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Man brings wooden flute into horse pasture, proves he has a remarkable ability with the horses

When this man brings a wooden flute into a horse pasture, you might imagine that any number of things would happen. But when he starts to play? The horses absolutely show that they enjoy and are fascinated by the music. They gather around him, inspect him intently, and seem quite happy to stand next to him as he plays.
According to Equine Wellness Magazine, horses have quite sensitive hearing and can hear frequencies that humans can't. Music often seems to soothe horses, but the type of music being played may have different effects on horses. For instance, country and classical music are generally well-received by horses, while rock or rap may actually irritate horses.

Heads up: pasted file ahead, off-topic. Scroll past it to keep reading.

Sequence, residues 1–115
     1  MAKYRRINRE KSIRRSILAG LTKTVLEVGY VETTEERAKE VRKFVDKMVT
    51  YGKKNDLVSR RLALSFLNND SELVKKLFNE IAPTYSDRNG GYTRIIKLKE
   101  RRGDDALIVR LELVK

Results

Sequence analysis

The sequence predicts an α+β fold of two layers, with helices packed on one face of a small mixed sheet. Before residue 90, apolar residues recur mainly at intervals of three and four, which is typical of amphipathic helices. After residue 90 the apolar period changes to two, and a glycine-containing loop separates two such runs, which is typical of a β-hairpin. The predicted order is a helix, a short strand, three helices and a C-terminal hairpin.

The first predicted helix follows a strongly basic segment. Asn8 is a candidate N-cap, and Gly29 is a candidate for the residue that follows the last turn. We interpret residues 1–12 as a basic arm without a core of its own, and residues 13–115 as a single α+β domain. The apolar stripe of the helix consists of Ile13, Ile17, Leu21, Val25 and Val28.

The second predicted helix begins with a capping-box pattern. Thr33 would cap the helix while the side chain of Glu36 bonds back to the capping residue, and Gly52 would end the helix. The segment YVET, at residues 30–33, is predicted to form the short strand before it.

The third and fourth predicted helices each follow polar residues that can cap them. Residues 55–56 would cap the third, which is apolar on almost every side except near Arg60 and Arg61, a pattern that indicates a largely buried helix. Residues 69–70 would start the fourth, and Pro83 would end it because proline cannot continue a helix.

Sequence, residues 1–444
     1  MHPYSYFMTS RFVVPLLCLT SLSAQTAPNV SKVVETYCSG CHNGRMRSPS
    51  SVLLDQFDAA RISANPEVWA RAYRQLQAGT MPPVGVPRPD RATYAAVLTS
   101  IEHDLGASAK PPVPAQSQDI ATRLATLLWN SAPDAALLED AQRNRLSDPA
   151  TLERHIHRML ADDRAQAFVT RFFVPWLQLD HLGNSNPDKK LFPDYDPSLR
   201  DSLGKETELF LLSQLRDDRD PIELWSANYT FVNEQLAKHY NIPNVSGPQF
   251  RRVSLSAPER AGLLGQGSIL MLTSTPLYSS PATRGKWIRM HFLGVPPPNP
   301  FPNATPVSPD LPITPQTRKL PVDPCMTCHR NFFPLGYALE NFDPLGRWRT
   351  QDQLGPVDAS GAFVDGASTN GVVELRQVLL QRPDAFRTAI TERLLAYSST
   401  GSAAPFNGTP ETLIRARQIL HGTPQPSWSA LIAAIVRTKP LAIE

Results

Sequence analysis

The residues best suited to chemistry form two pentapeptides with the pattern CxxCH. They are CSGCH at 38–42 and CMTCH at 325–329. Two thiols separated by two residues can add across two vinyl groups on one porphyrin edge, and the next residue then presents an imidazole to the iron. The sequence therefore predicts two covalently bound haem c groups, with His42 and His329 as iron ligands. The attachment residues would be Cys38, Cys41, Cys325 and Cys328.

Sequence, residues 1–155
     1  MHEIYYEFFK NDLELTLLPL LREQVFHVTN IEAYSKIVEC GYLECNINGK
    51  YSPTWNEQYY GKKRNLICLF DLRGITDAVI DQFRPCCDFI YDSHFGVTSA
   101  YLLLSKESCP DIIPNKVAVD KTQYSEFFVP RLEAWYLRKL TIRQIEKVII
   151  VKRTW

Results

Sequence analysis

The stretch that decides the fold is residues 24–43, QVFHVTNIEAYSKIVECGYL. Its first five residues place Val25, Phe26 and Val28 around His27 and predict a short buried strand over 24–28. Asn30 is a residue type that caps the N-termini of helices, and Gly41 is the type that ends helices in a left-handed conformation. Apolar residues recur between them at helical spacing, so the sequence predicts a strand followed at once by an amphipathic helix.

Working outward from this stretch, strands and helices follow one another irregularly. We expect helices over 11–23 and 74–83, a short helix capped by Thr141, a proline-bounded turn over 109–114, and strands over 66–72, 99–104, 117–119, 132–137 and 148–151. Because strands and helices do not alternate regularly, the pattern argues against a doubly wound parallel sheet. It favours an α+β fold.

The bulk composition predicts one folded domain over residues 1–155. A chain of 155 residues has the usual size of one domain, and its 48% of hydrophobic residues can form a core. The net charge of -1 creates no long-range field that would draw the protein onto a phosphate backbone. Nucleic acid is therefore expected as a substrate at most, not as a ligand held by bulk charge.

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So what's the difference with these types of music? Horses often do well with songs which have short melodies and strong rhythms behind them. Music which is particularly high in pitch or which is played too loudly may bother horses because of their sensitive hearing. Horses are very rhythmic creatures - think of how your horse chews or walks in a rhythm - so playing a piece with a steady tempo and repetitive strains may naturally appeal to a horse.
Many riders incorporate music into their work with horses. Racetrack grooms are known for whistling or humming songs to help soothe the horses they work with. Some barn owners leave a radio playing when the horses are in the barn to help calm them. Music can also be used to mask frightening noises during a ride, a vet exam, or a farrier visit.
If you choose to play music for your horse, be sure to keep the volume down. Select music which is relaxing - remember, horses seem to prefer country and classical genres. While you play music, watch for signs that your horse is relaxing, or that the music may be irritating him. With a bit of experimentation, you can likely find a music setup which appeals to your horse.
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